“TennJim”:  I was and still am a Southern Baptist. Services on Sunday use to be an all day event. Families would bring a covered dish to one of the homes and in the summer we would have a big spread on tables in the yard. Most of the time, the “black” sharecropper families would assist in the preparation and serving of the food. When all of the “white” families had eaten, the “black” families would help themselves to the leftovers.

Angela:  Did you have a phonograph? If so, what types of music did you listen to? Did you know any white musicians?

“TennJim”:  My Father had made a Victrola phonograph in shop class in High School. One of those crank up types. We had a large collection of 78 rpm records, many of which I still have. A lot of them were blues (mostly “Stomps”), some country (Jimmie Rodgers” and a few “jazz” – foxtrots. The one song I remember playing over and over was Hobo Bills Last Ride by Jimmie Rodgers. It was interesting that a little later in life I met and played with the Carter Family. Mama Maybelle had played on the same recording session as Jimmie Rodgers in Bristol when he recorded his first records. I later met and played with several “country” music people…Chet Atkins, Hank Williams, Sr., Ernest Tubb, and lest I forget, Johnny Cash and Elvis…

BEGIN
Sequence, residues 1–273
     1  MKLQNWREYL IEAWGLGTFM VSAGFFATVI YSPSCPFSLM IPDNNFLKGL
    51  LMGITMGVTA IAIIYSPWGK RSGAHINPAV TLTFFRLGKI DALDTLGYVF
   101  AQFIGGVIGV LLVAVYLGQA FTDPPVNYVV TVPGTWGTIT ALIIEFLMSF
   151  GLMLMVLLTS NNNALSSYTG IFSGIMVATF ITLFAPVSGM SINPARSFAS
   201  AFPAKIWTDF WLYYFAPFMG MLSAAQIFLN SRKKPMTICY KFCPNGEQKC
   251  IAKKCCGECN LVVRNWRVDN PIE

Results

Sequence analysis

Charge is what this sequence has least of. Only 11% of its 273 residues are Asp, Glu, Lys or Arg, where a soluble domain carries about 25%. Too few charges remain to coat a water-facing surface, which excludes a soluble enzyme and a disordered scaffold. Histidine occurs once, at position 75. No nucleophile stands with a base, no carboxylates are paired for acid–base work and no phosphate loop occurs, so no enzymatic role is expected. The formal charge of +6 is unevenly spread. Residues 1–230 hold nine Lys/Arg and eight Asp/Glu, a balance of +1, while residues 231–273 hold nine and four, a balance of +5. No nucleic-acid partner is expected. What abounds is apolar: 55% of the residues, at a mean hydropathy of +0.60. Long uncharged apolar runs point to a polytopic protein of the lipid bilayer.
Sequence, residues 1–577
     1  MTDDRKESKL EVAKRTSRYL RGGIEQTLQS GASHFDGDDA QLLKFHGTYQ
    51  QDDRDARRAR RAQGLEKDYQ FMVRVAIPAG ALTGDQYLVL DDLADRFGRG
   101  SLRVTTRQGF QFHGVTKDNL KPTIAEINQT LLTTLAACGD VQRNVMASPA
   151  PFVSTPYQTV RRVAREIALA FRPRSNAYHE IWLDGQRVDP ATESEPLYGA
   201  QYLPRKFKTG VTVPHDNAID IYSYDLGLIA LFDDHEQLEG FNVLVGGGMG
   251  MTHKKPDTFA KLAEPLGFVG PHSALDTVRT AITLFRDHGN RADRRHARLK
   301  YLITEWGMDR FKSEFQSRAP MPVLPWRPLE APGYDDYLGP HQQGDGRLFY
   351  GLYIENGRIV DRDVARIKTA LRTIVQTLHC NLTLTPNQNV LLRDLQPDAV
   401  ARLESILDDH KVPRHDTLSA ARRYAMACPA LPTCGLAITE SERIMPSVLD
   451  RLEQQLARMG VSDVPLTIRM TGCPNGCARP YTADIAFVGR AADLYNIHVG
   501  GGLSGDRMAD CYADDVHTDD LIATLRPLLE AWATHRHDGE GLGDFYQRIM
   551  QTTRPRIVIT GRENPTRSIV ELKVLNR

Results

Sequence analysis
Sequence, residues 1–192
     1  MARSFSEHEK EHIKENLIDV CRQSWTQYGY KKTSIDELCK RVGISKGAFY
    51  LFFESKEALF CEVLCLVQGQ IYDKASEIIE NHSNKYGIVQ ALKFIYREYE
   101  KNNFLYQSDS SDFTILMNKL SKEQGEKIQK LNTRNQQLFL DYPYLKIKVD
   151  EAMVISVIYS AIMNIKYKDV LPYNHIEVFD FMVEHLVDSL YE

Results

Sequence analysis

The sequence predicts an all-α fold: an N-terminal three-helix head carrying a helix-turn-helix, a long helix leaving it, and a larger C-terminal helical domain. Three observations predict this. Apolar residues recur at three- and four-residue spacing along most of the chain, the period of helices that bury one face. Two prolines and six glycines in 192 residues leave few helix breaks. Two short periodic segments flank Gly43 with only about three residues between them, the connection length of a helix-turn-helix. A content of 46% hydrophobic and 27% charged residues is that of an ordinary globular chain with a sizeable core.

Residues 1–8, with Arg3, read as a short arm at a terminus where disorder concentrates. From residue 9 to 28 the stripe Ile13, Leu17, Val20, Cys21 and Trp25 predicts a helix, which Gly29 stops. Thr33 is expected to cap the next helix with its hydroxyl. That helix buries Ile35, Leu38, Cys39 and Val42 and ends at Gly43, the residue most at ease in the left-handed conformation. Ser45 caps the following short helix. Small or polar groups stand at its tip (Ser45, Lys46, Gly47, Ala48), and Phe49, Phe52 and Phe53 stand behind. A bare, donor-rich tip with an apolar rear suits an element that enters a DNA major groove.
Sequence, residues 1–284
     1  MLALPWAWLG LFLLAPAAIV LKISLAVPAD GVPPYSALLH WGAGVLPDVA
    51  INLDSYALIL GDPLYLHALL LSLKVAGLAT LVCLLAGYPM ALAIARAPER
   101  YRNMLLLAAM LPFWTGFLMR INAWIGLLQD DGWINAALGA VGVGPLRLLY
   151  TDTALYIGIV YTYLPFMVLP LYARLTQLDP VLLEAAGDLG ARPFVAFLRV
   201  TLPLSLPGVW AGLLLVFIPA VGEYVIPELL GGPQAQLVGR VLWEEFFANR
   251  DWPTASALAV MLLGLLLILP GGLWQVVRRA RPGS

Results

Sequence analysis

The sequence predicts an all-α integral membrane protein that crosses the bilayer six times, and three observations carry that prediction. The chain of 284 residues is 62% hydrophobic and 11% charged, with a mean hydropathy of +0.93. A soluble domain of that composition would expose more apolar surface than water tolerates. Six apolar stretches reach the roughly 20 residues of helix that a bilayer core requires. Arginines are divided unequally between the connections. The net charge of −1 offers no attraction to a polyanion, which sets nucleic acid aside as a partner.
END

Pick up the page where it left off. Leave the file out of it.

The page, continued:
I do remember hearing some old African-Americans sitting on the porch of the Plantation Store on Saturday night. One would be playing an old Stella guitar using a broken “coke” bottle neck for a slide, one a harp and maybe one would have a washboard or nail keg to provide the percussions. I was enamored with the sound of the blues, even though it was inappropriate for me to hang around them. I remember my Father telling me one day, “Son, you have been hanging around those “darkies” so much you’re beginning to turn black yourself…just look behind your ears”. Of course he was referring to the fact that my face needed washing, but the insinuations were there at any rate.